Common national exam to replace O- & N-Level exams in S’pore starting from 2027

One common national exam for secondary school students in Singapore 2027 onwards

Starting from 2027, secondary school students in Singapore will sit for one common national exam.

The new Singapore-Cambridge Secondary Education Certificate (SEC) is part of the new Full Subject-Based Banding (Full SBB) system introduced by the Ministry of Education (MOE).

“Under Full SBB, there will no longer be separate N- and O- Level exam periods,” said Education Minister Chan Chun Sing.

“Instead, there will be one common SEC exam period, with different papers for different subject levels.”

Today, students in the Normal stream sit for N-Levels in September, while Express students sit for O-Levels in October.

O-Level students also have two exam sittings for Mother Tongue Language (MTL) — mid-year and end-year — while N-Level students do not.

Secondary school students will sit for common exam starting from 2027

Minister for Education Chan Chun Sing shared the news in Parliament on Friday (1 Mar).

From 2027 onwards, students will sit for the SEC instead of the O and N-Level examinations and receive their results in January of the following year.

MOE and Cambridge will continue to jointly award the SEC to preserve its standing.

The SEC certificate will also replace the O-Level and N-Level certificates when students receive their results, reflecting their subject combinations and the grades awarded.

1 exam sitting available for MTL subject

Mr Chan announced that as the Ministry will be streamlining the multiple exam sittings, there will only be one written SEC exam sitting for all MTL subject levels.

“I understand that some may be concerned that they will have one less chance to improve their MTL grades,” Mr Chan said.

“But we need to strike a careful balance between striving for excellence, chasing the last mark, and allowing our students to learn at a better pace.”

Source: MCI Singapore on YouTube

He noted that in 1980, when MOE introduced the mid-year O-Level MTL exam sitting, less than 40% of students passed both their first and second languages.

The ministry thus allowed students to take the exam twice to meet the second language requirement for pre-university.

New system allows for better pacing

Today, almost all O-Level MTL students meet the language requirement with their first sitting, said Mr Chan.

Analysis showed that taking the second sitting changed the post-secondary posting outcomes for less than 2% of candidates taking the MTL exam.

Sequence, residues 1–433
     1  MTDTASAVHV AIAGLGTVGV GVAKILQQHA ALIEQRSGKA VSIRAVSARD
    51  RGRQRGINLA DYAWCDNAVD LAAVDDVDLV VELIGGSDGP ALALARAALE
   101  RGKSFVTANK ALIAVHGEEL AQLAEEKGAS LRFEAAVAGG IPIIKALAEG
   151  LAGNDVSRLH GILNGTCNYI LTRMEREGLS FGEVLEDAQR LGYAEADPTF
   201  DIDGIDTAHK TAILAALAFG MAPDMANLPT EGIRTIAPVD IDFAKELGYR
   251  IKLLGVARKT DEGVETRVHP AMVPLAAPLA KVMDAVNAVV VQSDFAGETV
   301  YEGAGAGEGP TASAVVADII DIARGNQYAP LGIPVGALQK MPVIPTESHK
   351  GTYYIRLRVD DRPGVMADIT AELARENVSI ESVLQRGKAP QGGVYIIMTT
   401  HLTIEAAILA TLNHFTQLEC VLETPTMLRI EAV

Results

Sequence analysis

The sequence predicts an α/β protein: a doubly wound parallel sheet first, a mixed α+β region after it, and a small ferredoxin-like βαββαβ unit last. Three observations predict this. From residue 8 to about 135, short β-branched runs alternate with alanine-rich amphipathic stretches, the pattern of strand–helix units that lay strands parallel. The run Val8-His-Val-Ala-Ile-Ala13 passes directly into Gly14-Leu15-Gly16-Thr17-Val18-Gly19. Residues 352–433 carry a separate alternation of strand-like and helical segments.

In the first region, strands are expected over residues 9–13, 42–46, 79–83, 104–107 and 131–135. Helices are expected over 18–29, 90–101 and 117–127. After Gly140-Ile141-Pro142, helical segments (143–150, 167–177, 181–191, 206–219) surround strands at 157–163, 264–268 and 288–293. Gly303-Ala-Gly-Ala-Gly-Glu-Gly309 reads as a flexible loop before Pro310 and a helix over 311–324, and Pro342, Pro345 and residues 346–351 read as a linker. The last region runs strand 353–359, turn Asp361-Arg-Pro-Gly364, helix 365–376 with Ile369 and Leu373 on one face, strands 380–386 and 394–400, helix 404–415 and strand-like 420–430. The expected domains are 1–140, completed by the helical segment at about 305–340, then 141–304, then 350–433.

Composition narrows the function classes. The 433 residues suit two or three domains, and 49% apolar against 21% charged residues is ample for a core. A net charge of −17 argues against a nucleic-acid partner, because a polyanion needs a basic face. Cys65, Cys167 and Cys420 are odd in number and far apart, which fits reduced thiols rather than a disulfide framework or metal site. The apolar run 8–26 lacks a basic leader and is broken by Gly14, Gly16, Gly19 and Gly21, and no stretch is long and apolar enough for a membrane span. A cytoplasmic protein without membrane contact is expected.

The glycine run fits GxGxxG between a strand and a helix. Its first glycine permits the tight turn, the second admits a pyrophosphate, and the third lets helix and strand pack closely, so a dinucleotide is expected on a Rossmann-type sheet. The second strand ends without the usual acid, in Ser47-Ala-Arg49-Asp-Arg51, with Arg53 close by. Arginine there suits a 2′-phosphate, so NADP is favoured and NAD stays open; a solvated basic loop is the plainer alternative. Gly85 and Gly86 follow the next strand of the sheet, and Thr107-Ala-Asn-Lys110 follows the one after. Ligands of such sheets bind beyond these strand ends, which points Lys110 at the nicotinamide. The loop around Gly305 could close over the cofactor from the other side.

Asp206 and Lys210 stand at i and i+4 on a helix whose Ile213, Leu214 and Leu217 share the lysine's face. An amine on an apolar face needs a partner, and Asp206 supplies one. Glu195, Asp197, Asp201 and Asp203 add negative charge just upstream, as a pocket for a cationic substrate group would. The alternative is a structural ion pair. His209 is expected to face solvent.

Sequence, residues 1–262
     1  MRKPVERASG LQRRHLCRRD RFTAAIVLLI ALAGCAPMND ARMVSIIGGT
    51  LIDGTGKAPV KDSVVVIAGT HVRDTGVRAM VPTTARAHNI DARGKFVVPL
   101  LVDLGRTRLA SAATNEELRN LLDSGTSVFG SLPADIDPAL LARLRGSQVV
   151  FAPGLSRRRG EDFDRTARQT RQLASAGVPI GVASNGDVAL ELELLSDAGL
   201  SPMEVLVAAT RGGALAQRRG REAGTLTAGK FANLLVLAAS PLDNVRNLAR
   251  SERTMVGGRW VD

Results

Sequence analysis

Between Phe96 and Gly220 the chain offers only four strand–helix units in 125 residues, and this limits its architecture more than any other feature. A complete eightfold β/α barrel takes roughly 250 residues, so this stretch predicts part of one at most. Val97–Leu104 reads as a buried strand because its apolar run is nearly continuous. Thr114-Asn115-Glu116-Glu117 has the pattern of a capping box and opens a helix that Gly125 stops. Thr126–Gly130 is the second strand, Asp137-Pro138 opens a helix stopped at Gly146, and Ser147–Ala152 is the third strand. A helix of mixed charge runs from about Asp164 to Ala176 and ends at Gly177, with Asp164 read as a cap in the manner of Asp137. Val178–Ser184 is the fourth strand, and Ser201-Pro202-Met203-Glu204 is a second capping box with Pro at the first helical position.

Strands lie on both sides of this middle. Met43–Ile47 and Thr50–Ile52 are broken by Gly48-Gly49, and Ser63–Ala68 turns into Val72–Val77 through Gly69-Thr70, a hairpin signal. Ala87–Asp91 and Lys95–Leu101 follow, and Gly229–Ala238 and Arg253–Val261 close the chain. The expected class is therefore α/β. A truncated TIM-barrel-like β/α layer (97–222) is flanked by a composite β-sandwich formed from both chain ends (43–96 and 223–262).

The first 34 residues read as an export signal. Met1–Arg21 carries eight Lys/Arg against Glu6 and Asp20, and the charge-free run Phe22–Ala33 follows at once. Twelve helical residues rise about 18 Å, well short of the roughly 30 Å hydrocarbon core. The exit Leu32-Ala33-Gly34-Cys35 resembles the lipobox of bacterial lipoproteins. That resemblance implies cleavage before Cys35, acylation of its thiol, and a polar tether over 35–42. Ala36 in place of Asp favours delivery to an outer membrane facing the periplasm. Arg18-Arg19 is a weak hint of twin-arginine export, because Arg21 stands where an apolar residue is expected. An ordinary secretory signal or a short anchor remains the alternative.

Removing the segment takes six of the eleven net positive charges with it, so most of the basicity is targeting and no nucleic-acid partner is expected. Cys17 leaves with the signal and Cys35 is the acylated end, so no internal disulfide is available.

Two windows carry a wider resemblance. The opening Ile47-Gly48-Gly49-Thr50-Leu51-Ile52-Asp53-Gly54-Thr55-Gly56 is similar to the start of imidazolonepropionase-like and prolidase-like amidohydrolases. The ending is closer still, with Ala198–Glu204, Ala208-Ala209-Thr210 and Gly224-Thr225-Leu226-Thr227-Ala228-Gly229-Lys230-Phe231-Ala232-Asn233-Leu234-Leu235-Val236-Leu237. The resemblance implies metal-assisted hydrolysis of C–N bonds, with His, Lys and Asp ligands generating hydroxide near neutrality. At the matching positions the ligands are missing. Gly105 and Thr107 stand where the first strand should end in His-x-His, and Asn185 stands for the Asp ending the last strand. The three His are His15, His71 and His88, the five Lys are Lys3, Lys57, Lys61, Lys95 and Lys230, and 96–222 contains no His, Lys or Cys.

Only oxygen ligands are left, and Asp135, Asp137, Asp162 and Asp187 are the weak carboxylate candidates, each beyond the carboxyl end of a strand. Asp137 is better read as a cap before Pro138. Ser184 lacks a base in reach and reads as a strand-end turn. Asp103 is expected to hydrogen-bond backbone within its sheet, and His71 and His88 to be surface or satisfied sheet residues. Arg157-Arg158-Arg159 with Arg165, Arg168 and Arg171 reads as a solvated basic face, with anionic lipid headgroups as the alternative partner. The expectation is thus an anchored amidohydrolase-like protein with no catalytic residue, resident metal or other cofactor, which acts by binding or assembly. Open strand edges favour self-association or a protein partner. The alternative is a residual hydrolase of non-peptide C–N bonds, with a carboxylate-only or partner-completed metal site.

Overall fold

“The new system will allow our students and teachers to better pace the MTL curriculum, with four more months of learning, rather than to squeeze everything into less than 3.5 years in preparation for the June sitting,” Mr Chan noted.

Students will take their English and MTL written exams in the second week of September, a month ahead of other subjects to spread the load.

Other subjects’ written papers will also have one common exam period, starting in October.

MOE to expand Edusave awards to recognise non-academic talents

Mr Chan also announced that MOE will expand Edusave awards to acknowledge non-academic competencies as well.

From 2024, the Edusave Award for Achievement, Good Leadership and Service (Eagles) will recognise students’ 21st-century competencies and life skills.

These include creativity, generating ideas to solve problems, interpersonal and collaborative skills, among others.

An additional 21,000 students could thus receive the award every year, bringing up the ratio of academic and non-academic awards given to 60:40 from the previous 70:30.

“This signals our commitment to reducing the overemphasis on academic results, and balancing that with better preparation of our students more holistically for the future,” Mr Chan said.

The education Minister also addressed calls to remove the Primary School Leaving Examination (PSLE).

“Let me state that if we see our worth as being defined by exam results only, removing the PSLE will not remove stress. Neither is removing all stress our goal,” said Mr Chan.

“Exams like the PSLE and SEC are not an end in themselves, but they are means to help our children find a suitable learning environment in the next stage of their learning journey.”

Also read: S’pore Secondary Schools To Have Mixed Form Classes, Students Will Take Common Cambridge Exams

S’pore Secondary Schools To Have Mixed Form Classes, Students Will Take Common Cambridge Exams

Have news you must share? Get in touch with us via email at

Featured image adapted from Chan Chun Sing on Facebook for illustration purposes only.

Drop us your email so you won't miss the latest news.

  • More From Author